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The window to watch: 1990s

by Michael Weare
12 September, 2011
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About the author

Michael Weare has been a professional writer for 30 years, writing about Japanese technology, German and Italian cars, British tailoring and Swiss watches. Michael manages the editorial content of Click Tempus and will be keeping the magazine fresh and informative with regular features, as well as bringing great writers to the magazine. Email: michael@clicktempus.com

Leonardo-diCaprio

What clothes, what watches, what cars and what music were people into in the 1990s? This is the fifth in our Window to watch series of feature articles that walks through the decades in terms of changing tastes in these key areas.

The main picture shows Leonardo diCaprio who was the baby face heartthrob in the 90s thanks to the epic world-wide ubiquitous smash hit movie Titanic. But instead of going down with the ship, Leo went on to show that he is a movie star of great range, presence and talent. Leonardo diCaprio is also a huge fan of watches and in the past he has been spotted on screen and off screen with cool watches like the Jaeger-LeCoultre Master Compressor Extreme LAB, Jaeger-LeCoultre Master Minute Repeater, the Breitling Chrono Avenger and of course being a brand ambassador for Tag Heuer, he has been spotted with a Tag Heuer Aquaracer and the Tag Heuer Carrera Automatic as seen in his hit film Inception.

Fashion: Britpop

Britpop Desert boot

By the mid 90s Britpop had taken a firm grip on both music and fashion, and on both sides of the pond too, just as it had done way back in the 60s. Egged on by the belief that Britannia was cool once more, Union Jack’s began appearing on all manner of clothing, and the retro Mod look, complete with floppy fringe, sunglasses and furry hooded parka were to be seen everywhere – most often on the front pages of the newspapers where Liam Gallagher would treat photographers to his trademark one or two fingered salute depending on the mood. It was all relatively harmless compared to the Sex Pistols throwing up all over the place in the 70s.

Watch: Casio G-Shock

Casio G-shock

The Casio G-Shock, which was actually invented in 1983, seriously took off in the 1990s. They were huge in both senses of the word. You could forget about trying to slip a Casio G-Shock under your shirt, but they would fit nicely under your wide sleeved parka.

They protruded massively on your wrist. It was said to be possible to drop a G-Shock from a 30 storey building and expect it to survive. By 1998, 19 million G-Shocks had been sold worldwide. 220 new models were released in that year alone.


Andy McNab
would drop a no doubt sponsored mention of his ex-SAS action hero Nick Stone checking his Baby-G in several of his novels. Since that time Casio has collaborated with many designers, musicians and other pop culture luminaries to release hundreds of limited edition G-Shocks with custom designs. There are still many avid collectors of the G-Shock worldwide.

Car: Renault Espace

Renault Espace

The maroon Renault Espace was blocking your view of the traffic lights along every street in Britain in the 90s. Despite being an extended family 7-seater boxy monster from French manufacturer Renault, the Espace invariably had – and still has – only one person in it. Although developed by Englishman Fergus Pollock in the 70s and first manufactured in 1984, the MPV craze didn’t really catch on until the launch of the Espace II in 1991. When it did it spread like wildfire across Britain and dozens of other manufacturers leapt onto the people carrier revolution. Infamously, a maroon Renault Espace was the vehicle of choice of mass murderer Dr. Donald Shipman. His Espace, seen parked outside the houses of elderly ladies, became a link to his nefarious doings. The latest reincarnation of the Espace is the Espace IV, however there is rumoured to be an Espace V hitting the roads soon.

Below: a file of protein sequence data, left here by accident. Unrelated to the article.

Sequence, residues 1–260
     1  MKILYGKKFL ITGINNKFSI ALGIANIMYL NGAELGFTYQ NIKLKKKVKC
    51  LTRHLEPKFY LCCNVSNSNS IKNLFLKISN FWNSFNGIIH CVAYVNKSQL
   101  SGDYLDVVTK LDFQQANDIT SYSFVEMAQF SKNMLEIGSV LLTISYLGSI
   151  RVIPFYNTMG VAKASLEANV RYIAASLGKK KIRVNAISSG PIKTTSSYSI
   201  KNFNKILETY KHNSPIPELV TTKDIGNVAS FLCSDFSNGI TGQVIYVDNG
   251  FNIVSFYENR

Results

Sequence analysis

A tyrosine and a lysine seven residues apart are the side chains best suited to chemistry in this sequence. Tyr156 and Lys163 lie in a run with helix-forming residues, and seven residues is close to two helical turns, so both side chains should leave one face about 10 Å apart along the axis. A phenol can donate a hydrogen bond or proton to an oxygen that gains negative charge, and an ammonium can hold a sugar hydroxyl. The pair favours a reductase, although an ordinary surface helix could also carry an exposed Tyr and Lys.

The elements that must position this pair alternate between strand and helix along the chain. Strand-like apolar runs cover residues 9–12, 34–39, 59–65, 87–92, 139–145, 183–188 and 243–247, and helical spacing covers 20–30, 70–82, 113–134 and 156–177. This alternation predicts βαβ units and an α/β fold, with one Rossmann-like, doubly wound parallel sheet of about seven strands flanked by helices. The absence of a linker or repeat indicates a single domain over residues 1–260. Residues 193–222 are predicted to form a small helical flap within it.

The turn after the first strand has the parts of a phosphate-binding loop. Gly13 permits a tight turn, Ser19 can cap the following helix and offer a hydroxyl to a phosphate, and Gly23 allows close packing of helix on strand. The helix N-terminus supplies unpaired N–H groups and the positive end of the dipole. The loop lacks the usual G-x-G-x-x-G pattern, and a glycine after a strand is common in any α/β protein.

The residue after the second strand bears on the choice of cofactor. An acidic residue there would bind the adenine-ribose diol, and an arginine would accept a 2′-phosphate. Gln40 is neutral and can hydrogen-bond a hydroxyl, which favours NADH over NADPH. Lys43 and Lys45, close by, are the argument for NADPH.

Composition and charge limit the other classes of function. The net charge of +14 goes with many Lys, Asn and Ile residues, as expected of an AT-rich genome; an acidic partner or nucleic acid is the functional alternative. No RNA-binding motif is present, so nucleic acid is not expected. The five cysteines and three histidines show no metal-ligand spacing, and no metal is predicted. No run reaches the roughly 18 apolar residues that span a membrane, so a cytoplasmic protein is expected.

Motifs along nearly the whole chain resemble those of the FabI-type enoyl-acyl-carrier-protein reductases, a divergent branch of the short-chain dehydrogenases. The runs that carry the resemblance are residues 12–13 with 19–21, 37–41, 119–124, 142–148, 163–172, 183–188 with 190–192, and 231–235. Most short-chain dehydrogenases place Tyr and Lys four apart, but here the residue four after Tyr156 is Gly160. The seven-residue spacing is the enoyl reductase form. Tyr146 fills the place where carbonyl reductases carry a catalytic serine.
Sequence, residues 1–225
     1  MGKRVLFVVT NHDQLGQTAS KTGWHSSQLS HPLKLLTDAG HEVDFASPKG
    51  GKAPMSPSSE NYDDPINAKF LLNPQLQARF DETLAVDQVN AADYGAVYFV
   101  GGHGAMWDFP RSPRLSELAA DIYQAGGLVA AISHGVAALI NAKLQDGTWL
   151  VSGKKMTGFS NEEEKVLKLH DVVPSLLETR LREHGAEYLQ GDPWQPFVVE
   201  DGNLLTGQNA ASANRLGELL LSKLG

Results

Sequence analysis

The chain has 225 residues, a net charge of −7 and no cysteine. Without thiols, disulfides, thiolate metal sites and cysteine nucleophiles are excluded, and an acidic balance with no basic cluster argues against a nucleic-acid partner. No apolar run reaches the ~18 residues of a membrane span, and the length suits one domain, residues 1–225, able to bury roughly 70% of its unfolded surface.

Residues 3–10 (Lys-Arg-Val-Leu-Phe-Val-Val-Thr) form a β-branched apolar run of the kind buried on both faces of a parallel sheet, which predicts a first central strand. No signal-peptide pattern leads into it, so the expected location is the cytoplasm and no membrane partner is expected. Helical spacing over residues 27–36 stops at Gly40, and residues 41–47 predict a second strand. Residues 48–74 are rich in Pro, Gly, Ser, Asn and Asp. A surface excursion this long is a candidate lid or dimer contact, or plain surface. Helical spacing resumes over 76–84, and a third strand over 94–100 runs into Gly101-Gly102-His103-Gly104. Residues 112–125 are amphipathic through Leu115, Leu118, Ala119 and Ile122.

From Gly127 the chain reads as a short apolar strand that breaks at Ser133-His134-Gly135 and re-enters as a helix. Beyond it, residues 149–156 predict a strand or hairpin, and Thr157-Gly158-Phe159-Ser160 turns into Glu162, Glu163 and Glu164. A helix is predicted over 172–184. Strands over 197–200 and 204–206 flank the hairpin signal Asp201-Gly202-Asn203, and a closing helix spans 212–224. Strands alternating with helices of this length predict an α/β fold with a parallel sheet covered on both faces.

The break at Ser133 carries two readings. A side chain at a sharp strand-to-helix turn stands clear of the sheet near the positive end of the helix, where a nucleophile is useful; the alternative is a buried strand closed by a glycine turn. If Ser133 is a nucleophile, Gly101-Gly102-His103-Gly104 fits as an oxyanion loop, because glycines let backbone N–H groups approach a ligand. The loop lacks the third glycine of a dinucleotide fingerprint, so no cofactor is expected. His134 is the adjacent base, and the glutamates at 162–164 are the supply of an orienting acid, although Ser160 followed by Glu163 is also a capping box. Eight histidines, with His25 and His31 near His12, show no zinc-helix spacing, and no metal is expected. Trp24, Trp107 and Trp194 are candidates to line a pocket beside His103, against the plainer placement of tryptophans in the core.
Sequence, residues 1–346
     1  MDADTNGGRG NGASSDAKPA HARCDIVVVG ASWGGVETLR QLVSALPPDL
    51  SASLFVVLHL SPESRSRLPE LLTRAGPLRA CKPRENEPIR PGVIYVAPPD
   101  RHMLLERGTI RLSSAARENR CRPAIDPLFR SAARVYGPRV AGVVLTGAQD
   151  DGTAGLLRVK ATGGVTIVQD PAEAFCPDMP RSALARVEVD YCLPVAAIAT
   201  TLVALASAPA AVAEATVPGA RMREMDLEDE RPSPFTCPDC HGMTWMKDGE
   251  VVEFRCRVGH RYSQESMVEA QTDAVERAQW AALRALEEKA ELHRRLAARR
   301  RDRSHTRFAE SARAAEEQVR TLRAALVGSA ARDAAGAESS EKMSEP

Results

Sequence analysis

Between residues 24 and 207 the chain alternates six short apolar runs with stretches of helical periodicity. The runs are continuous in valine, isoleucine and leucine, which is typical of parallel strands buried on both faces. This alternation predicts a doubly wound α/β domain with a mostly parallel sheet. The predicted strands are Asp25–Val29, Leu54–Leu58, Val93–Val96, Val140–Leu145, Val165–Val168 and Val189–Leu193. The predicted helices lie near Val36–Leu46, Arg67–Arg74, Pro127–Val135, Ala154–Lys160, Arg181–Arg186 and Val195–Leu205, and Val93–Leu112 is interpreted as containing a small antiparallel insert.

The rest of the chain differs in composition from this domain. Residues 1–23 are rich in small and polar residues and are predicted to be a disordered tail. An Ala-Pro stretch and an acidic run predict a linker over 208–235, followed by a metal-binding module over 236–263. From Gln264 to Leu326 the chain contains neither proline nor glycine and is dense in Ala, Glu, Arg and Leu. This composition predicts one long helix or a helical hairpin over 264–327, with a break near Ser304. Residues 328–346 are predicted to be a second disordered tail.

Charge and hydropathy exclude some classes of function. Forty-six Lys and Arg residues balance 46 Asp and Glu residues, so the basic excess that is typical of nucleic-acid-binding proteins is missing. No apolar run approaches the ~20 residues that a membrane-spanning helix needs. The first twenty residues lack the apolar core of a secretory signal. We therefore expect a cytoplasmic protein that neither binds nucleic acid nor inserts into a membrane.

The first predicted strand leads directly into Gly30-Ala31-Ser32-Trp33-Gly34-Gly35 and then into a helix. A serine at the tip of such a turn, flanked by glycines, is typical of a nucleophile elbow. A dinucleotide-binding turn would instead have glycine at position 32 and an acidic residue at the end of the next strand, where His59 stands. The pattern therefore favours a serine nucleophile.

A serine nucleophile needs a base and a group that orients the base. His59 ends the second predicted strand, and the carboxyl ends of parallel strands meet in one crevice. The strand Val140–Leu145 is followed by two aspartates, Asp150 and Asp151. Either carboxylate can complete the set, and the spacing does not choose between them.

Music: Oasis vs Blur

Liam Gallagher vs Damon Albarn

In the mid 90’s the battle for Britpop supremacy raged between Blur and Oasis providing the tabloids with untold acres of gossip and news. “The Battle of Britpop” as it was known, gained significance even though initially the two bands praised each other. Over the course of 1995, antagonisms between the two bands increased which whipped up a now familiar ‘media storm’ over really very little. The groups became engaged in what the NME called the “British Heavyweight Championship” with the pending release of Oasis’ single “Roll With It”, and Blur’s “Country House” on the same day. The battle pitted the two bands against each other, with the conflict as much about British class and regional divisions as it was about music. Blur won the battle of the bands, but eventually Oasis outsold Blur both at home and abroad. You’ll be relieved to know they’ve patched everything up these days – it was all just a bit of fun.

Michael Weare | Website

Michael Weare has been a professional writer for 30 years, writing about Japanese technology, German and Italian cars, British tailoring and Swiss watches. Michael manages the editorial content of Click Tempus and will be keeping the magazine fresh and informative with regular features, as well as bringing great writers to the magazine. Email: michael@clicktempus.com

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